It’s a thin line between esprit de corps and blind fanaticism. The feeling that we are part of a greater good versus there is no greater than we. I’m a hand over my heart allegiance pledger, a national anthem stander and singer.
I love my country but I do not worship her. I’m no, “Love it or leave it!” fanatic. I draw a distinct line between patriotism and nationalism. If cut, I only bleed red, there’s no white or blue that flows from my lacerated veins. I see our faults, but I also see the great good that is the USA. All organizations are dysfunctional, though not equally so. I see our dysfunction.
One of the things the good ol’ US of A gets right is the Right to protest, one of our First Amendment Rights. I think it is no coincidence that the First Amendment is just that; first. Our freedoms of (and from) religion, of speech, of the press, of the people to peaceably assemble and to petition our Government for redress of grievances is a shining example for del total del mundo.
Free Speech must include ugly speech, radical speech, disruptive speech. It must, for without the freedom to depart from accepted values, expectations and conventions we have no avenue for change and the list of great leaps forward, of radical change that have occurred in the USA since we declared our independence from Great Britain nearly 250 years ago, are stunning. We are not our forefathers’ (or mothers’!) USA.
August will mark three years since Colin Kaepernick first chose to remain seated during the playing of The Star Spangled Banner, the United States national anthem. I’m not much of a footballer, but I was deeply disturbed with Kaepernick’s display. Disturbed? Okay, disgusted. Disrespecting our flag, disrespecting any entity that stands for freedom, did not sit well with me.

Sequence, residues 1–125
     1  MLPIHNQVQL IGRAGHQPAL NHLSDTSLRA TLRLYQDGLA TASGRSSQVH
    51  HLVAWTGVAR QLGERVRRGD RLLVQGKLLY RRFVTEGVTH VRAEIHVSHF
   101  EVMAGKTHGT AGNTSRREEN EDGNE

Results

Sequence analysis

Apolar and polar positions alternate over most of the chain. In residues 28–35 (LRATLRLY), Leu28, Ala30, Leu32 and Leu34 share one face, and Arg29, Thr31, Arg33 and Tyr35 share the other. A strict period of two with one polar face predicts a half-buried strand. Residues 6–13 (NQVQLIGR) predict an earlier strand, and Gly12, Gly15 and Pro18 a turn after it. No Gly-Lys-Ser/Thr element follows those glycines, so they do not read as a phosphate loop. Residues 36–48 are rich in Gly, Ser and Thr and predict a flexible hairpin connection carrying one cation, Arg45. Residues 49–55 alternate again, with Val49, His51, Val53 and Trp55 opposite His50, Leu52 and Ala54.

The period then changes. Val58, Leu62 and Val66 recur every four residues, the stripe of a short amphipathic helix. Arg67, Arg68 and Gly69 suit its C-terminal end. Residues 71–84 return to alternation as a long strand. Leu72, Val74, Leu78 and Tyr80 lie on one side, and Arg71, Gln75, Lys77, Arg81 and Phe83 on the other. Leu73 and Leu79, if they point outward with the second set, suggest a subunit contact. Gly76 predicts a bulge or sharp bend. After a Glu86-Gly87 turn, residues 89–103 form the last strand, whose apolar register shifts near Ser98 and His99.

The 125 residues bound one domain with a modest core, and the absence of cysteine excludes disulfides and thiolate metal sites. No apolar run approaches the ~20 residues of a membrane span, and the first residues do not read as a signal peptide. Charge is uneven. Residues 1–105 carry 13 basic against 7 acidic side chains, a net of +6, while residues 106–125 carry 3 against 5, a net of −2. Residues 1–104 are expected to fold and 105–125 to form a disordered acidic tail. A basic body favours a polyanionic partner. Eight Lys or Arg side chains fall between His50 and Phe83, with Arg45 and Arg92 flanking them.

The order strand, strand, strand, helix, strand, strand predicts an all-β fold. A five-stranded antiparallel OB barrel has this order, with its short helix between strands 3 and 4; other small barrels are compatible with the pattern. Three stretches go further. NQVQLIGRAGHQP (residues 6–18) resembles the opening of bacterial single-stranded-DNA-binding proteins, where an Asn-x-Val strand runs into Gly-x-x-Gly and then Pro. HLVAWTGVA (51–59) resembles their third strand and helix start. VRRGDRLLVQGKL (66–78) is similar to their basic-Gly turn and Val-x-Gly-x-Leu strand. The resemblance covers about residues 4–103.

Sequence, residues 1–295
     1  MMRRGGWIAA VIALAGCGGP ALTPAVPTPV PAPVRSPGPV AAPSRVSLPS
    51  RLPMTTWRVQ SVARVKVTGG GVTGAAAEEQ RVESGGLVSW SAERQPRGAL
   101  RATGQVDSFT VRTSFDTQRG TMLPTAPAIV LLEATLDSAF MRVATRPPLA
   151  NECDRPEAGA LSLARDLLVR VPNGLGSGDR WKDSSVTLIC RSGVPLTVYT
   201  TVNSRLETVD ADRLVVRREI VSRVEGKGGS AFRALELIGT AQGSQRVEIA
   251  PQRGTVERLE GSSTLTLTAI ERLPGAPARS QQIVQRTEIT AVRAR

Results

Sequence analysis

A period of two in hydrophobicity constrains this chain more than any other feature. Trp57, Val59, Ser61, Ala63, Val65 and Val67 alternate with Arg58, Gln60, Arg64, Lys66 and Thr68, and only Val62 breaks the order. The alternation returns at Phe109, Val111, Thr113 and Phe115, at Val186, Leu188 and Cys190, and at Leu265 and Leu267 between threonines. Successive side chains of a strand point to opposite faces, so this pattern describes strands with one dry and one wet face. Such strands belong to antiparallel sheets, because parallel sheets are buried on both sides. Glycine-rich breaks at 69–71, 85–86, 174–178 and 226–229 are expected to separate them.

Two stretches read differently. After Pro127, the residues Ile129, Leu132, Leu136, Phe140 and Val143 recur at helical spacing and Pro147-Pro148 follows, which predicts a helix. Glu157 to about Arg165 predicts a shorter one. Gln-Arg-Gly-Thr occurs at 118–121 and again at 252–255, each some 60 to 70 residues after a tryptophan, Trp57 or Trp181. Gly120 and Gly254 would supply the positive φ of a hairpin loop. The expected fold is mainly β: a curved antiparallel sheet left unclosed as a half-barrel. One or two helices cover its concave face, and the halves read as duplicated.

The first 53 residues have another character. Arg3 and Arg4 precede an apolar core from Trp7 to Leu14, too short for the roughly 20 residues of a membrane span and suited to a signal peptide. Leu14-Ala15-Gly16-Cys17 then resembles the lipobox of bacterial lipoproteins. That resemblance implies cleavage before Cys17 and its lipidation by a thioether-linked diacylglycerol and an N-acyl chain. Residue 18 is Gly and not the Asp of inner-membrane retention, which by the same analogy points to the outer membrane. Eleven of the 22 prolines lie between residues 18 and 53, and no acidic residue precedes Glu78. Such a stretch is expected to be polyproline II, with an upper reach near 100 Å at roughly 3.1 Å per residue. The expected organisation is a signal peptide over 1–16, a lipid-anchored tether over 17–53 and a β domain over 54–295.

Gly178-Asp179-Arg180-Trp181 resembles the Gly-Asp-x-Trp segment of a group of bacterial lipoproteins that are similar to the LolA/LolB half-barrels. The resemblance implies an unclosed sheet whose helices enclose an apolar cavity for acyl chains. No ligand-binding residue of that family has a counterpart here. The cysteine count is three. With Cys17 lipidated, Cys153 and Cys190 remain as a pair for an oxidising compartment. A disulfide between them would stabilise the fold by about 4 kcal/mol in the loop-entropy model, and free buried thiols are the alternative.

It took Kaepernick two weeks and three more sits before he went from sitting to kneeling, an absolutely genius change of presentation. In sports, players take a knee when a player is injured on the field. My angry acceptance of Kaepernick’s Right to protest was immediately transformed into respectful curiosity.
Kaepernick buzz was hot in September 2016 and I remember standing on a starting line of a race wondering if someone would choose to emulate the Forty-niner’s QB and kneel during our anthem. No one did, but in that split second of uncertainty I realized just how gutsy Kaepernick’s choice was, how vulnerable his protest made him. I was impressed and with Kaepernick’s change from sitting to kneeling I was in his corner.
I wasn’t transformed, I didn’t become a national anthem protest kneeler, but I went from a man who knew Kaepernick had the Right to be wrong to one who knew he had the right form to practice his essential First Amendment Right to protest and to petition redress for grievances. C.K. got me in his corner.
Kaepernick’s kneeling has been conflated as a protest and disrespect of our military, an absolute lie that has no basis in reality. It’s also been mislabeled as a protest against our police which it really isn’t either.
Kaepernick’s kneeling was a protest against implicit and explicit racism, against classism, against institutions that hold the life blood of citizens in its hands and the statistically proven reality that people of color are not granted the same equality under the law that white folks are given. That reality is inarguable; it is fact. It is fact and it is a reality that must change and for change to occur it must be aired, addressed and steps must be taken to fix our dysfunction. What’s more patriotic than that?
Difference of opinion is healthy but conflating, misrepresenting and “alt-facting” are dysfunction. They are dysfunction being spread by those who like the world the way it is, who prefer our inequalities to equality and who promote fiction over fact. Don’t fall for the lies. Don’t accept the hype. The United States Pledge of Allegiance ends with the statement, “…with liberty and justice for all.” It’s everyone’s job to make that true for everyone.
Again, let’s make America great. Let’s live up to our basic principles. Let us, like our nation’s founders, work toward a more perfect union.